Upton Sinclair: The Lithuanian Jungle.
Upon the Centenary of The Jungle (1905 and 1906) by Upton Sinclair.
Amsterdam/New York, NY, 2006, XI, 102 pp. Illustrated
On the Boundary of Two Worlds: Identity, Freedom, and Moral Imagination in the Baltics 5
“…appealing on several levels, as it explores both linguistics and history, providing its readers with an in depth look into the origins of the Lithuanian language and culture in The Jungle. … also brings to real life the Chicago of Upton Sinclair.”
Lithuanian Heritage September/October 2006
“I enjoyed it greatly; it is a fascinating study. I was impressed with the thoroughness and depth of the research, and what Subacius’ carefully presented findings suggest about Sinclair's personality, the composition process of The Jungle, and the possible reasons and methods behind his use of the Lithuanian culture in this important book. ... a superb piece”
Patrick Chura, Professor of American Literature, Akron University
In his legendary novel The Jungle (1905 and 1906), Upton Sinclair included a conspicuous number of Lithuanian words, phrases and surnames. This volume is the first attempt to analyze aspects of Lithuanian linguistic and historical data from The Jungle. Sinclair discovered the Lithuanian language in Chicago and explored it with pleasure. He even confessed to having sang in Lithuanian. If you look for “a Lithuanian linguist” working in field-research conditions in Chicago’s Back of the Yards—there is Upton Sinclair! The book targets Sinclair’s motives for choosing Lithuanian characters, his sources and his work methods in “field-research” conditions in Chicago. Some real-life individuals—Lithuanian name-donors for the protagonists of The Jungle—are presented in this volume. Certain details of the turn-of-the-century Chicago depicted in The Jungle are also revealed—for example, the saloon where the actual Lithuanian wedding feast took place and its owner. This volume is of interest to American literary historians, sociolinguists, language historians, and those interested in the history of Lithuanian immigration to America and the immigrant experience in Chicago.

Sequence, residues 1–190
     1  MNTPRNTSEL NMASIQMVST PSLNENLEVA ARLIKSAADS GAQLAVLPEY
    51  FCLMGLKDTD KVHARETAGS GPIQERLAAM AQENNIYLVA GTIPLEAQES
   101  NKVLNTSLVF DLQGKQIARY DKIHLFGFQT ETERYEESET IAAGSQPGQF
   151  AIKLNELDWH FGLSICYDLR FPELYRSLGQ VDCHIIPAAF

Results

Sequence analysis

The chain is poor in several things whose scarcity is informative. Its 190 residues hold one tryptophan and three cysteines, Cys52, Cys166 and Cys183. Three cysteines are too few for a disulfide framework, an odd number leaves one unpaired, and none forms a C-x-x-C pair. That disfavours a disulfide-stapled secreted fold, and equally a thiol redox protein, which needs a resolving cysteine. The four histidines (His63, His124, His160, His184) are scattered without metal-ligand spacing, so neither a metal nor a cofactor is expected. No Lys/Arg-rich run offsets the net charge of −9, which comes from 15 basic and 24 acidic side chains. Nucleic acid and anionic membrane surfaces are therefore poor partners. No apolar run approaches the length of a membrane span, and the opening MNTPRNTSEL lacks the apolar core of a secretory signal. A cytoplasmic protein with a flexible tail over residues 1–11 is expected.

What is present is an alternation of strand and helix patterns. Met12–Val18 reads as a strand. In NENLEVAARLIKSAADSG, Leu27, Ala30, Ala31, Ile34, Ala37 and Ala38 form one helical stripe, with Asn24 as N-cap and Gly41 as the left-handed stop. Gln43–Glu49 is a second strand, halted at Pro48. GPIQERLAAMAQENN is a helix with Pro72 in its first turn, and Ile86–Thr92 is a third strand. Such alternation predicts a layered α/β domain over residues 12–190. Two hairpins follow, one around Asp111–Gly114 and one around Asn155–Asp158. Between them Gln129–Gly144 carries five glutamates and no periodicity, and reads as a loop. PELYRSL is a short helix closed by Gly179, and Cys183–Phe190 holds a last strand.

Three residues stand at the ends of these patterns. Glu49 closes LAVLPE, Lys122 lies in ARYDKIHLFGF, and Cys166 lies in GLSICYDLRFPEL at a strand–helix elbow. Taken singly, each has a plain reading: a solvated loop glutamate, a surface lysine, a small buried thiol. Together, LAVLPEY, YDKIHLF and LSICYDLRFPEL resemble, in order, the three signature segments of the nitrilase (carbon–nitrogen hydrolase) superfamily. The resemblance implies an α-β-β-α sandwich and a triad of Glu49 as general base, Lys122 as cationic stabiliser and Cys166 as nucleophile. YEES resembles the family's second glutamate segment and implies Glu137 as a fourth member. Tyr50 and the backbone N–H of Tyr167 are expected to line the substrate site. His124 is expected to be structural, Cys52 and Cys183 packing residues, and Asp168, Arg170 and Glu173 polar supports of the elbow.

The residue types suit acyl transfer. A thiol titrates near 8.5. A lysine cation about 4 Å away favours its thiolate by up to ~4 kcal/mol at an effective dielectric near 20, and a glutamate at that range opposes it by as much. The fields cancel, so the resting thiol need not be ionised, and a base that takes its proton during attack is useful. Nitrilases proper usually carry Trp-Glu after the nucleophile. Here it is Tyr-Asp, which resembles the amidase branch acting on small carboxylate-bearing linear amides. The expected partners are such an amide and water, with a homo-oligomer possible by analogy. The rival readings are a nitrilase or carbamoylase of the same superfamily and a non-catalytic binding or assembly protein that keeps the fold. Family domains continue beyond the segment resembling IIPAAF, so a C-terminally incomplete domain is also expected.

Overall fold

Table of Contents
ONE. Sinclair’s Sources and His Choice of Lithuanian Characters
1. Sinclair’s Method of Gathering Material for His Novel
2. Immigrants in the Chicago Stockyards
3. Two Main Lithuanian Sources for The Jungle
4. The Wedding, Kaztauskis’s Story, and Lithuanian
TWO. The Lithuanian Language
1. Sinclair’s Passion for Foreign Languages
2. Lithuanian Words and Phrases
THREE. Specific Locations
1. Carey’s Dump
2. Back of the Yards
3. The Wedding Feast Saloon
4. The Church of the Wedding Ceremony
Giedrius Subacius is an associate professor at University of Illinois at Chicago. His primary scholarly interests are historical sociolinguistics, development of standard languages, history of Lithuanian, development of alphabets. He is an editor of annual historical sociolinguistic journal Archivum Lithuanicum (since 1999; Wiesbaden: Harrassowitz Verlag). For his scholarly achievements Subacius has received prizes by various Lithuanian and American organizations (1995, 1999, 2005). Along with the monographs on the history of the nineteenth century Lithuanian (1998, 2001) he has published several critical editions of the nineteenth century Lithuanian linguistic manuscripts (Simonas Daukantas’ Comprehensive Polish-Lithuanian Dictionary, 3 vols.; 1993–1996), Juozas Ciulda’s (1994) and X.D.K.P.S.’ (2002) grammars.